This letter brings great news! This is our second newsletter during the 2009-2010 year. I am so very grateful to Editor Sally Shute for her expertise and hard work in compiling this issue. I am writing this letter in August, during one of the hottest and wettest summers on record here in Iowa. The first issue was published in January, one of the snowiest and coldest winters on record. No matter what the weather, it is always therapeutic to be outdoors, even if it is only for a few minutes. And if it’s in a natural setting, even better! I hope you have been fortunate enough to get away from your daily routine for some therapeutic moments in a natural setting sometime during this summer.
One of the things I really like about the profession of landscape architecture is the diversity in practice types—from small design-build firms that specialize in outdoor kitchen design to international firms that design resorts in the South Pacific. There is a great breadth within this Professional Practice Network as well. Some of you are in small private practices that specialize in garden design for continuing care retirement communities, and some of you are employed in large firms that specialize in hospital design. Some of you operate design-build firms, and some of you teach others about therapeutic design in a university setting. Some of you are interested in the topic but are not actively involved in its practice.
There is something of interest for everyone in this newsletter issue. Jan Satterthwaite, in the article, “Golden Threads Weave a Sacred Space at VA Puget Sound Fisher House,” starts us out by sharing an exciting case study of the Seattle Fisher House, which provides extended overnight lodging for families of veterans who are being treated in the VA Puget Sound Health Care System. This article portrays a great example of the power of collaboration between academia and private practice to accomplish a community good. Jan has provides interesting discussion about what makes a therapeutic garden different from other gardens.
Lydia Stone Kimball shares a case study in her article, “Roof Gardens in an Urban Hospital.” She describes a $400 million expansion of Mercy Medical Center in Baltimore, Maryland. The project includes tree rooftop gardens, a street level landscape, and a master plan for the entire campus. We salute the hospital’s decision-makers, who made a commitment to quality, well-designed outdoor spaces at their new facility. I appreciated the three levels of health that formed the overriding principles for the design work: health of the building occupants, health for the surrounding and global community, and health for our natural resources. These three are interdependent, and should be considered in all our design work. Ms. Kimball completed her case study with comments about how the thoughtful design work in this project will affect environmental quality at the larger city scale. This reminds me that we should always use opportunities to celebrate the positive impacts that our work has on the larger scale—be it neighborhood, city, or region.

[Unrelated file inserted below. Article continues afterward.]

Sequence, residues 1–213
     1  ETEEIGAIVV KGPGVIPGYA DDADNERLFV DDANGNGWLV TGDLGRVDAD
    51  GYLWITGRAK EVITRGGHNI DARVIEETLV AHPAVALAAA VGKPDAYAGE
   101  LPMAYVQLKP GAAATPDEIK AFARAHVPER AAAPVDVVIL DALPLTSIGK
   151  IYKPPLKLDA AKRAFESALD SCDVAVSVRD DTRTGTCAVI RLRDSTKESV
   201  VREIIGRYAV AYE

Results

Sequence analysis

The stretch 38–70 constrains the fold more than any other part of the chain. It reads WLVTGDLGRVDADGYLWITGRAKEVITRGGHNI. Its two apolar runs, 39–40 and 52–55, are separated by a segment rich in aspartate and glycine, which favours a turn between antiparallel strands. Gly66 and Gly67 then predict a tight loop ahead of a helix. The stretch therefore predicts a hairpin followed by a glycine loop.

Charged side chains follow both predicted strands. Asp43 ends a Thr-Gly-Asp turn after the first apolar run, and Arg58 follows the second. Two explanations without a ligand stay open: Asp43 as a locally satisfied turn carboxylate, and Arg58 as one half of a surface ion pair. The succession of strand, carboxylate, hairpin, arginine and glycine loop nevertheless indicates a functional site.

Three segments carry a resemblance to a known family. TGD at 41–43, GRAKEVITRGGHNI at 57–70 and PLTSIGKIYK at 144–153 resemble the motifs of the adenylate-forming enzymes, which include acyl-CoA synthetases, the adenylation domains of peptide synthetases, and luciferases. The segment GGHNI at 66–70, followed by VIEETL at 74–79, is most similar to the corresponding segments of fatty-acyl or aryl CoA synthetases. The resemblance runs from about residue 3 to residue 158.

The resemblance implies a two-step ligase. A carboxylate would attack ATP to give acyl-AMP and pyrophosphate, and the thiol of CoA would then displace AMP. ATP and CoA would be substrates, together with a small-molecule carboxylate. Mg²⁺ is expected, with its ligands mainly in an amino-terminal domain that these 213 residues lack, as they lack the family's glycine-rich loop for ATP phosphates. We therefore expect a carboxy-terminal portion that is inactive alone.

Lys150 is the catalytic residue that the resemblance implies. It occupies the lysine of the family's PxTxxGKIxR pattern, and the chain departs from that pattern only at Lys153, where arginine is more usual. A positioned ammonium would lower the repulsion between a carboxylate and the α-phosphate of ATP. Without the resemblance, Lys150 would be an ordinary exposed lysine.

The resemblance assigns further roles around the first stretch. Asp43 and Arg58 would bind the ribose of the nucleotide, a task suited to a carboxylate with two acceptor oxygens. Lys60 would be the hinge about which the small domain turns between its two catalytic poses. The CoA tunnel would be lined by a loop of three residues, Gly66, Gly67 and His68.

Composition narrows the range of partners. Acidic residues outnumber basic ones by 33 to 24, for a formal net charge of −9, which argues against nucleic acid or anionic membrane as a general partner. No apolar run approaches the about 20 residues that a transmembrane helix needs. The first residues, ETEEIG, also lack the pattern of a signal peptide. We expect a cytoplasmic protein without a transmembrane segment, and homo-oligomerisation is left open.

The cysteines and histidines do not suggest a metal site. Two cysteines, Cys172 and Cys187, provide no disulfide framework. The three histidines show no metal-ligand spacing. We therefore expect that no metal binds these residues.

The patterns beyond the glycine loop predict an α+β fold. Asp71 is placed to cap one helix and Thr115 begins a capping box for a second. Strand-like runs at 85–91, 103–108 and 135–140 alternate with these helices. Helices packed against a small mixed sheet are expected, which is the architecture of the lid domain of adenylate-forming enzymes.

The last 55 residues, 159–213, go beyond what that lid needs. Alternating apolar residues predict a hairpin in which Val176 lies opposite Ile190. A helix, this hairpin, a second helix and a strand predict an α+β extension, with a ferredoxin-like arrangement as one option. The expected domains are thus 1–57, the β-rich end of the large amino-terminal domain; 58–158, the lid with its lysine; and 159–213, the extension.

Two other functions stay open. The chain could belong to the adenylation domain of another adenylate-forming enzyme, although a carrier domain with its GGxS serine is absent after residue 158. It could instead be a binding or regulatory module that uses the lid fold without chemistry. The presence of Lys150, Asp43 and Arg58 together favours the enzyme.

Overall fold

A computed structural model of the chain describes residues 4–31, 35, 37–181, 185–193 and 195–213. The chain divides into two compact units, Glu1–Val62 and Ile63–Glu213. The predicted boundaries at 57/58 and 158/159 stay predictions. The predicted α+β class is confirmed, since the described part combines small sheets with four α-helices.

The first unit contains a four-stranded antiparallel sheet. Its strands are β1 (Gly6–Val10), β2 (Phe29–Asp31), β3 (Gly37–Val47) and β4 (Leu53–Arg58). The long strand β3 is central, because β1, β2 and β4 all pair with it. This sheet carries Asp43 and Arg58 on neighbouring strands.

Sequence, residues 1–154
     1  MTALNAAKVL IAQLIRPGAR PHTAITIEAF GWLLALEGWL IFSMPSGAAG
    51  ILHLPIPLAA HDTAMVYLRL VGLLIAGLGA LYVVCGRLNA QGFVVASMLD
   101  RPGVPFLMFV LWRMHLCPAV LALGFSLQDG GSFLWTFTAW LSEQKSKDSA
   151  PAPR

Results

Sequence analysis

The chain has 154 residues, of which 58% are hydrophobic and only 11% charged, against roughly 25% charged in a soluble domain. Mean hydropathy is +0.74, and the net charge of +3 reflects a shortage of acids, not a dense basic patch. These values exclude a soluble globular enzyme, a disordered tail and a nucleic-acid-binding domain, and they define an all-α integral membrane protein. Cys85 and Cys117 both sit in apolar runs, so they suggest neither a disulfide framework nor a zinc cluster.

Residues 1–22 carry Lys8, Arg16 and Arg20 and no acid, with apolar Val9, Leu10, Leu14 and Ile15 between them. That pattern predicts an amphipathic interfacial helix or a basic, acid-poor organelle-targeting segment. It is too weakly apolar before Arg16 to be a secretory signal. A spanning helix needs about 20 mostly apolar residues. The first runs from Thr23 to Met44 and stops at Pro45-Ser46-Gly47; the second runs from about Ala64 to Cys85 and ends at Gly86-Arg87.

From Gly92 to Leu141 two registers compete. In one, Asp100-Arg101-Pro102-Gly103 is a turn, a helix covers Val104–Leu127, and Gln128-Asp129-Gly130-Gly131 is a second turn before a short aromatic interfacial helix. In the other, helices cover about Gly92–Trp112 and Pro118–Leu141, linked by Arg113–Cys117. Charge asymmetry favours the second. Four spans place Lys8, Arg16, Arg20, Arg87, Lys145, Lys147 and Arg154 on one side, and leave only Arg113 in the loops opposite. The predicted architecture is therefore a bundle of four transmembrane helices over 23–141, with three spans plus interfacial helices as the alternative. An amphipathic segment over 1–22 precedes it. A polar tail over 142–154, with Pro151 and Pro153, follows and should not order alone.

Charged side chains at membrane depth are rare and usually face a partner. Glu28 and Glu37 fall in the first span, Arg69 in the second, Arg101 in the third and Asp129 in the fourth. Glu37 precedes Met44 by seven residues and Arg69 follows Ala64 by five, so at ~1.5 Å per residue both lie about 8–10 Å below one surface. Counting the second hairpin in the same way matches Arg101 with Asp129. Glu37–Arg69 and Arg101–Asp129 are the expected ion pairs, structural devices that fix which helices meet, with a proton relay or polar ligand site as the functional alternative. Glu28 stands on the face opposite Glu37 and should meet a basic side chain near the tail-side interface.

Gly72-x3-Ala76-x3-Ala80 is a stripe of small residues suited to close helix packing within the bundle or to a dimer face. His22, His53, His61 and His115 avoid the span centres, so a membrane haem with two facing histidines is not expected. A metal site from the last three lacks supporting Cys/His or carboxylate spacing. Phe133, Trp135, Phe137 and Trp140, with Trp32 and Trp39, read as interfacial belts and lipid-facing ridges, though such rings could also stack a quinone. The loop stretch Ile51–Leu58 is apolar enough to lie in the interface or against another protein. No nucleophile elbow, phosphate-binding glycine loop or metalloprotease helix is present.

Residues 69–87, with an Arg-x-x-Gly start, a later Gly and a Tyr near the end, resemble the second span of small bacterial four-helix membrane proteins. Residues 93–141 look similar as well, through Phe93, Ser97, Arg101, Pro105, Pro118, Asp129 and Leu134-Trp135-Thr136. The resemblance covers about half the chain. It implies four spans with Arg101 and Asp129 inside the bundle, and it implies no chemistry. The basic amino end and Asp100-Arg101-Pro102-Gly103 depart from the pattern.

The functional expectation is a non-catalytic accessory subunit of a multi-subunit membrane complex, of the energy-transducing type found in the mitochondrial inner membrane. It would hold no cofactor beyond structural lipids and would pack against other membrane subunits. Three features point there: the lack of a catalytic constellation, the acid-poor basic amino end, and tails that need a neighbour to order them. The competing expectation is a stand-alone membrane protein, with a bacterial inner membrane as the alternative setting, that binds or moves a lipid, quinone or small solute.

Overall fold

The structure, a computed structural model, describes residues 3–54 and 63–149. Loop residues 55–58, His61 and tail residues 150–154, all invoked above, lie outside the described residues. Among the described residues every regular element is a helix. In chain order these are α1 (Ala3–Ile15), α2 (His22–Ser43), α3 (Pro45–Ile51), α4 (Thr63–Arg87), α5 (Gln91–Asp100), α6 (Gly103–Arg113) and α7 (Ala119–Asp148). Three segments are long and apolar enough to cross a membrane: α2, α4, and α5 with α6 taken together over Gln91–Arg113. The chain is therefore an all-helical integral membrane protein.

Vince Healy brings us something completely different in his article,“The Value of Multi-Sensory Elements in Contemplative Landscapes.” This article provides some unique insights into contemplative landscapes. It brings an enjoyable and deep look into how and why contemplation is encouraged. I particularly enjoyed this phrase: “designers [of contemplative landscapes] have as their primary goal seducing beholders into states of serenity.” I think you’ll enjoy contemplating some of the ideas in this article!
Finally, Susan Mazer’s article,“The Outdoors for an Inpatient” challenges our definition of “landscape.” In the hospital setting, it includes hallways, corridors, overpasses, and waiting rooms. She references new studies that I am planning to read further, and I suspect I won’t be the only one to benefit from her references. Susan finishes her article with three challenging questions about how landscape architects can address our service, our design work, and our research to further the cause of therapeutic landscape design.
Enjoy this issue of the newsletter, faithful readers! And don’t forget to join us for the “Meeting Before the Meeting” in Washington DC in September! Details are provided in the a notice located at the end of the newsletter.
Thank you for the opportunity to serve as chair of this PPN, my year is nearly finished. I have enjoyed my experience, and urge others to consider becoming actively involved as well.
Chair, Healthcare and Therapeutic Design PPN